PEC715 - Pharmacoeconomics

Outline info
Last revision date 2018-07-20 11:48:42.466
Last review date 2018-07-20 11:48:56.589

Subject Title

Subject Description
This subject provides students with an introduction to the use of pharmacoeconomic evaluations in health care. The subject reviews issues and methods of assessing health care technologies and related programs and the key stakeholders who develop, use and interpret the results of these analyses. Techniques used in pharmacoeconomic evaluations are examined. The application of the assessment of health benefits relative to drug costs in the determination of clinical cost-effectiveness is studied to help understand how stakeholders determine the value of new innovative healthcare interventions. Procedures for reporting pharmacoeconomic data and critical appraisal of the pharmacoeconomic literature are also considered.

Credit Status

This is a credit toward the Ontario Graduate Certificate Program in Pharmaceutical Regulatory Affairs and Quality Operations offered through the School of Biological Sciences and Applied Chemistry and the Faculty of Continuing Education and Training.

Learning Outcomes
Upon successful completion of this subject the student will be able to:

1. Explain the reasons that pharmaceuticals are unique consumer products.
3. Define the need for pharmacoeconomic evaluations and applications and users of pharmacoeconomic evaluations.
3. Describe the distinct responsibilities and roles of the provincial and federal governments with regard to
the regulatory and resource allocation decisions for pharmaceuticals.
4. Interpret the basic economic problem associated with pharmaceutical development as one of choice
since resources are scarce and consumer wants are virtually unlimited.
5.  Describe the relevance of pharmacoeconomics to the pharmaceutical industry, third party payers, and to society.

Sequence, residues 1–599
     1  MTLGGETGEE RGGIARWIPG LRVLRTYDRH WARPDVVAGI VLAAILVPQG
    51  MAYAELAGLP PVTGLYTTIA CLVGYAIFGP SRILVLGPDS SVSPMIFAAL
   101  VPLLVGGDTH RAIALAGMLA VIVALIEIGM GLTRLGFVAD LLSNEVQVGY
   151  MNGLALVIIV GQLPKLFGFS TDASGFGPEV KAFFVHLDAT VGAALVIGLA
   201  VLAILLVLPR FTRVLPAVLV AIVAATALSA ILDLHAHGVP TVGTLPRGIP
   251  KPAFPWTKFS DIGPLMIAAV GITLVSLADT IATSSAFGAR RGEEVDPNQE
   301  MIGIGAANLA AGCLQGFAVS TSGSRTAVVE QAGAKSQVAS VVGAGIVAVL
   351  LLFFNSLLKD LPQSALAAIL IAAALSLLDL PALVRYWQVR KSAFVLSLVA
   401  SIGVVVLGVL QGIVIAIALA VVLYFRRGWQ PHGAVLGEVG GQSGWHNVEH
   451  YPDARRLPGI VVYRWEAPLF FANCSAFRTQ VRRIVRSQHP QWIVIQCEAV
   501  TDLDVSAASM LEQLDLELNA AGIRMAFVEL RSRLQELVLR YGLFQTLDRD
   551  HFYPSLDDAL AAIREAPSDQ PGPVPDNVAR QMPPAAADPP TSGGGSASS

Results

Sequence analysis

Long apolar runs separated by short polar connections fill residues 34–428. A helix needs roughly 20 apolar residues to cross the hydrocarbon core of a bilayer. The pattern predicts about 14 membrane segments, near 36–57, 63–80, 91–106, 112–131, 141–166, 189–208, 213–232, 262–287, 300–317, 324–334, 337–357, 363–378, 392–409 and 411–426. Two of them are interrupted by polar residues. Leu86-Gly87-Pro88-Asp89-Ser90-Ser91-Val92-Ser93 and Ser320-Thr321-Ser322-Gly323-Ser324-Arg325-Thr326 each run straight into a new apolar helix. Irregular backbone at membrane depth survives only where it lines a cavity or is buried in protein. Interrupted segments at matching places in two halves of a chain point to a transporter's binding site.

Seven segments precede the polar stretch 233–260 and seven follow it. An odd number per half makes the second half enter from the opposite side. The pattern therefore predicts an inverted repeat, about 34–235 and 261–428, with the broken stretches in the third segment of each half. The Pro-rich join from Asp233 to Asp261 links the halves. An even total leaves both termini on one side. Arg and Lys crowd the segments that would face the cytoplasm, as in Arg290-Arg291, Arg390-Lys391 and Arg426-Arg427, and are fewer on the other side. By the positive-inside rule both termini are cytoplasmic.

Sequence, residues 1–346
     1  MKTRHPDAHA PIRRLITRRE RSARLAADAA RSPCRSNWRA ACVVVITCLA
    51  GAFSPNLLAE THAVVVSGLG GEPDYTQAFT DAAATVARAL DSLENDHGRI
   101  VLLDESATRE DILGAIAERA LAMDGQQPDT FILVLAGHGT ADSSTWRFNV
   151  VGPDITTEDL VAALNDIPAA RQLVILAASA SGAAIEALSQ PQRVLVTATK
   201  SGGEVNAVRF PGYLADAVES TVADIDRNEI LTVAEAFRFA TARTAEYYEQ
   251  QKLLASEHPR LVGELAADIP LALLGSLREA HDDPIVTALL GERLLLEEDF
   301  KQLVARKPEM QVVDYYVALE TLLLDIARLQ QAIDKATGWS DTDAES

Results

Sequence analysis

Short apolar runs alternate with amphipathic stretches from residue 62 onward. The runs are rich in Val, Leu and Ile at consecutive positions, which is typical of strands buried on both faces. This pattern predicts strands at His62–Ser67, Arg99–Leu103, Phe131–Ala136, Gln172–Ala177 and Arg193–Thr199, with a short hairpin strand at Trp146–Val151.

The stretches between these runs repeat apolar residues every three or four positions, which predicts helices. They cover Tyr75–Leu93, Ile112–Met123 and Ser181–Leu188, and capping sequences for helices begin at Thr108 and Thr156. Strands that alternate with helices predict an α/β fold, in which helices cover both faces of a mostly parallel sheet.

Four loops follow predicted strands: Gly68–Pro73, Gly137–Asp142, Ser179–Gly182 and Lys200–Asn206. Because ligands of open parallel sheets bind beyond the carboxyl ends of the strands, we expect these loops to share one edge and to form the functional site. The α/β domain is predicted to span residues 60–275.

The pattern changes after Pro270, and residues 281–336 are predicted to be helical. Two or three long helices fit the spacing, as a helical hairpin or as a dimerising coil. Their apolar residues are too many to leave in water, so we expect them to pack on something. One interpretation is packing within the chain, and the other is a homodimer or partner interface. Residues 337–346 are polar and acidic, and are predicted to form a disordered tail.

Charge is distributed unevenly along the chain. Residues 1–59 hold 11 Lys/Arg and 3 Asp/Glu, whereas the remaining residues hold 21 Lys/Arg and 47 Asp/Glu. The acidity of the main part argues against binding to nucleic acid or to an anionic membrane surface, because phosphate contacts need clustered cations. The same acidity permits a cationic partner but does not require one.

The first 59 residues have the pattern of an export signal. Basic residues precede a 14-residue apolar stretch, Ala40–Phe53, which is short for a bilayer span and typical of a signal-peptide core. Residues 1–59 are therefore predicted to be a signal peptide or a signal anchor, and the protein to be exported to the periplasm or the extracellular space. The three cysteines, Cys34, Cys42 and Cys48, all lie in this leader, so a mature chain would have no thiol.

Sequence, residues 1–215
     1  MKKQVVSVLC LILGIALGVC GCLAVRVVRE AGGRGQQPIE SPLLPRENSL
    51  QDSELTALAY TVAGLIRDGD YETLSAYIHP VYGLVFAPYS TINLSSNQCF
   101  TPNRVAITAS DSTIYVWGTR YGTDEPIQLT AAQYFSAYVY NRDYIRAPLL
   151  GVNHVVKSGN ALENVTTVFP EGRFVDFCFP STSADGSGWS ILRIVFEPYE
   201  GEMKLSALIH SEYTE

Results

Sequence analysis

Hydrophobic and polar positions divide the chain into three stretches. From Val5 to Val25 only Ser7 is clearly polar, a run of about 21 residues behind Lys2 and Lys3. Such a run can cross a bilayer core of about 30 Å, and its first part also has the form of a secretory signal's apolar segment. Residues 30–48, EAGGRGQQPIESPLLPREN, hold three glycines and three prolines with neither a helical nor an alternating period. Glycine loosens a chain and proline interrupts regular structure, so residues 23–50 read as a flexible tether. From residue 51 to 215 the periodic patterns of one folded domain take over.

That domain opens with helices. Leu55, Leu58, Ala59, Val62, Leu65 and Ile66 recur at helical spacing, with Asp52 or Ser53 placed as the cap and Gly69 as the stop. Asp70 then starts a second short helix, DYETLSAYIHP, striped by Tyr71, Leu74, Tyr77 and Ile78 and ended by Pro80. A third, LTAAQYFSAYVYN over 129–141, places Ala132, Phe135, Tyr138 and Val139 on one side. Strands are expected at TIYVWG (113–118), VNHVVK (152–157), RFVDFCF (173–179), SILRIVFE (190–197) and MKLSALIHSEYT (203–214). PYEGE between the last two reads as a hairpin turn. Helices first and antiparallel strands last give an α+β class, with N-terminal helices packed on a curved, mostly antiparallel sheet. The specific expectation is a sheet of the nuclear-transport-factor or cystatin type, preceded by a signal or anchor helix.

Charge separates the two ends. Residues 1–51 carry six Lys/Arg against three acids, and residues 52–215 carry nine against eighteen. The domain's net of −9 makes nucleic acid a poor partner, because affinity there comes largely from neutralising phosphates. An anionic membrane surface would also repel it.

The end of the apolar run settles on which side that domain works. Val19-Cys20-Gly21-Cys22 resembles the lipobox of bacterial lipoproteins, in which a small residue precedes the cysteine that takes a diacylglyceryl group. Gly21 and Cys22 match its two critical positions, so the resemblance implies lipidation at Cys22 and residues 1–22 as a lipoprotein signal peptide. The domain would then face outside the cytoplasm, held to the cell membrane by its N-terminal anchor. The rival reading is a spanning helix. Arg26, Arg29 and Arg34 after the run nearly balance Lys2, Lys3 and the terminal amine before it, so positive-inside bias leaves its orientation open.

6. Utilize the Canadian pharmacoeconomic guidelines (remove Ontario)
7. Compare the three major economic evaluation techniques for healthcare programs: cost-effectiveness analysis, cost utility analysis, cost minimization analysis/cost benefit analysis
8. Describe how to obtain clinical and humanistic outcomes data
9. List data sources for costing of pharmaceutical products and health care resources.
10. Differentiate between methodologies utilized to estimate quality of life
11. Critique pharmacoeconomic studies.

Cheating and Plagiarism
Each student should be aware of the College's policy regarding Cheating and Plagiarism. Seneca's Academic Policy will be strictly enforced.

To support academic honesty at Seneca College, all work submitted by students may be reviewed for authenticity and originality, utilizing software tools and third party services. Please visit the Academic Honesty site on for further information regarding cheating and plagiarism policies and procedures.

All students and employees have the right to study and work in an environment that is free from discrimination and/or harassment. Language or activities that defeat this objective violate the College Policy on Discrimination/Harassment and shall not be tolerated. Information and assistance are available from the Student Conduct Office at

Accommodation for Students with Disabilities
The College will provide reasonable accommodation to students with disabilities in order to promote academic success. If you require accommodation, contact the Counselling and Disabilities Services Office at ext. 22900 to initiate the process for documenting, assessing and implementing your individual accommodation needs.





Topic Outline
Introduction to Pharmacoeconomics
The Role of Pharmacoeconomics
Pharmacoeconomics Guidelines
The Common Drug Review
Analytic Techniques and Analytic Approach
Measuring Costs
Measuring Outcomes/Health Benefits
Critical Appraisal and Reporting
Database Search Tutorial
Sensitivity Analyses, Discounting, Transferability and Generalizability
Cost of Illness Studies

Mode of Instruction
Lectures, group discussions and assignments 

Prescribed Texts


Reference Material